On 14 May 2010 22:49, Ashley Sheridan <a...@ashleysheridan.co.uk> wrote:

> There are still valid reasons to use it. On my own site for example, and
> links which lead outside of my site open up in a new tab/window. I link
> to a lot of other external sites often in my blog entries, and I think
> it's valid that these links open up in new tabs/windows so that my site
> is left open when they read the rest of the article.
> I guess I could add some form of indication that the link will open up
> in a new window though.
> Thanks,
> Ash
> http://www.ashleysheridan.co.uk
I don't entirely agree that the target attribute should be avoided, or that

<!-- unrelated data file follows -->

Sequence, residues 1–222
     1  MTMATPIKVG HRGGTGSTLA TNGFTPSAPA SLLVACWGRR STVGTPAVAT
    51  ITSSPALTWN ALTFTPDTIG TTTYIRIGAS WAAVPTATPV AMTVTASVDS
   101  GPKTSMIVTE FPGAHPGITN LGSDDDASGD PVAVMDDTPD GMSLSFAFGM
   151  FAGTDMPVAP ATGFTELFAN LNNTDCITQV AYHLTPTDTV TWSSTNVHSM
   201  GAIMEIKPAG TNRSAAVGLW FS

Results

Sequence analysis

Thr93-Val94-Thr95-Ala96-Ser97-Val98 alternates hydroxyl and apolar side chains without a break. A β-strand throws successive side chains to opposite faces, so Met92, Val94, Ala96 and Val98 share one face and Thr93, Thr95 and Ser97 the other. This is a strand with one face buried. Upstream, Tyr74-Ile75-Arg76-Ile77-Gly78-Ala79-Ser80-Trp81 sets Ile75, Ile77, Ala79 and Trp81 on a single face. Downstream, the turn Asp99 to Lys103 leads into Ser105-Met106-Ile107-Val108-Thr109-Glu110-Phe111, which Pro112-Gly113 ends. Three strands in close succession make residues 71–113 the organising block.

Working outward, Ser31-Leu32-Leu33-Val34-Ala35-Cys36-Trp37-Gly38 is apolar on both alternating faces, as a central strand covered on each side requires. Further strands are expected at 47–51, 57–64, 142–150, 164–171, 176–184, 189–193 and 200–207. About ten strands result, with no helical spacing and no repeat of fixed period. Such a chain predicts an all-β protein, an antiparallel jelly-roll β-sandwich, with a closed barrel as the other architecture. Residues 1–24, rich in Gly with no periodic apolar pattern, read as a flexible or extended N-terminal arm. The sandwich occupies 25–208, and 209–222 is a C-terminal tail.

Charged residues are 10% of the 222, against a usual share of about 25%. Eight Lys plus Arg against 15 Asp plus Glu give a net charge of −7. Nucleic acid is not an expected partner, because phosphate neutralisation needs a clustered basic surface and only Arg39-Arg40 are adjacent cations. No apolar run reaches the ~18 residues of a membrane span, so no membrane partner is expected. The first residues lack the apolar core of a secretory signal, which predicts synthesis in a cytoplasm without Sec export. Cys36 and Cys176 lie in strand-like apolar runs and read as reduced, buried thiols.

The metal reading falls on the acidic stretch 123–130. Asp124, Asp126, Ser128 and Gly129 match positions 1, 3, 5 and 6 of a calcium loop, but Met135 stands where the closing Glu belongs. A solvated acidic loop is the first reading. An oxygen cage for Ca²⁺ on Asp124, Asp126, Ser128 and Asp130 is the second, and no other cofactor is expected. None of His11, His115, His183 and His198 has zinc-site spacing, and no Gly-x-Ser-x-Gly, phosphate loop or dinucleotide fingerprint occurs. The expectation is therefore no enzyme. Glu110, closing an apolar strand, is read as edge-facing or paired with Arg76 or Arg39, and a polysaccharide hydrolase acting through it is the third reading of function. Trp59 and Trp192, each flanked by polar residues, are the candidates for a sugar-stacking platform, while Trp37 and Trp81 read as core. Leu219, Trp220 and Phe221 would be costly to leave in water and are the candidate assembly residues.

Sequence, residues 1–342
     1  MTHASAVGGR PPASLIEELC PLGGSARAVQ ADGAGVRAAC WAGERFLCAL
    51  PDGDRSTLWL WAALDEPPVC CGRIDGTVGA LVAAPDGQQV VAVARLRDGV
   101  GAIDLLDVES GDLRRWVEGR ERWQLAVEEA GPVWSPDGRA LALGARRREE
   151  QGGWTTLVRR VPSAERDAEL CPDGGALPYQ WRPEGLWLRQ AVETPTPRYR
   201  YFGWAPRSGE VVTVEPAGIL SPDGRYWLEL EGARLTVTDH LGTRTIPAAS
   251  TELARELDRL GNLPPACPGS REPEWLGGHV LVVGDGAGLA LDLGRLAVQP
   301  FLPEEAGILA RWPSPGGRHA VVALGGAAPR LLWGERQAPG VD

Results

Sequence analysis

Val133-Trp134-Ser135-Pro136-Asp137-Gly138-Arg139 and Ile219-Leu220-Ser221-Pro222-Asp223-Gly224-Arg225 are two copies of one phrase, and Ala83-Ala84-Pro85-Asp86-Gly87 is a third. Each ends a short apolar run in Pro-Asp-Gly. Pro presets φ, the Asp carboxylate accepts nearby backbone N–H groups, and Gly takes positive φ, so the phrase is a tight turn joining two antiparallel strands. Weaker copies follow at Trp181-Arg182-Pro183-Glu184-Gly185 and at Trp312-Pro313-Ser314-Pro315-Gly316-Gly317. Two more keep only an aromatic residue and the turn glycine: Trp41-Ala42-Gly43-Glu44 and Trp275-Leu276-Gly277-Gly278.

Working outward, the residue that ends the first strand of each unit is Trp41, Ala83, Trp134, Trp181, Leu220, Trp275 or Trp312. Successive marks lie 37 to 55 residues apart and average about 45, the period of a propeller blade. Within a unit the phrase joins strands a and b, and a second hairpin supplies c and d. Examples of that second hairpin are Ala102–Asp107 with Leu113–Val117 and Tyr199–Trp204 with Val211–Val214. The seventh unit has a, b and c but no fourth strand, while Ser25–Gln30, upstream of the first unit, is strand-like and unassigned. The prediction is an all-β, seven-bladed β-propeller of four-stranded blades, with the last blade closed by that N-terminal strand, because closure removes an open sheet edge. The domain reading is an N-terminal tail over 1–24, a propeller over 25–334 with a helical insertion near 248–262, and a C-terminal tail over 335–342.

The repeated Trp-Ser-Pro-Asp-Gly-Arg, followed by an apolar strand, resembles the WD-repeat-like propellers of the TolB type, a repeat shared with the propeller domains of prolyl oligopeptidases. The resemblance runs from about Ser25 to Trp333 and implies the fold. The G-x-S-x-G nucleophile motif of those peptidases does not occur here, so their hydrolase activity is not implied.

you absolutely need to use Strict XHTML rather than Transitional. There
really aren't that many differences between them. Yes, a lot of legacy
elements were removed, but those that program in valid XHTML tend to not use
them anyway.

The real reason why target is a little ill-conceived is because not all
target devices are able to use it in a valid way, e.g. phones with simple
web browsers. But if it was never your intention to support those devices,
using Transitional and the target attribute really isn't an issue.


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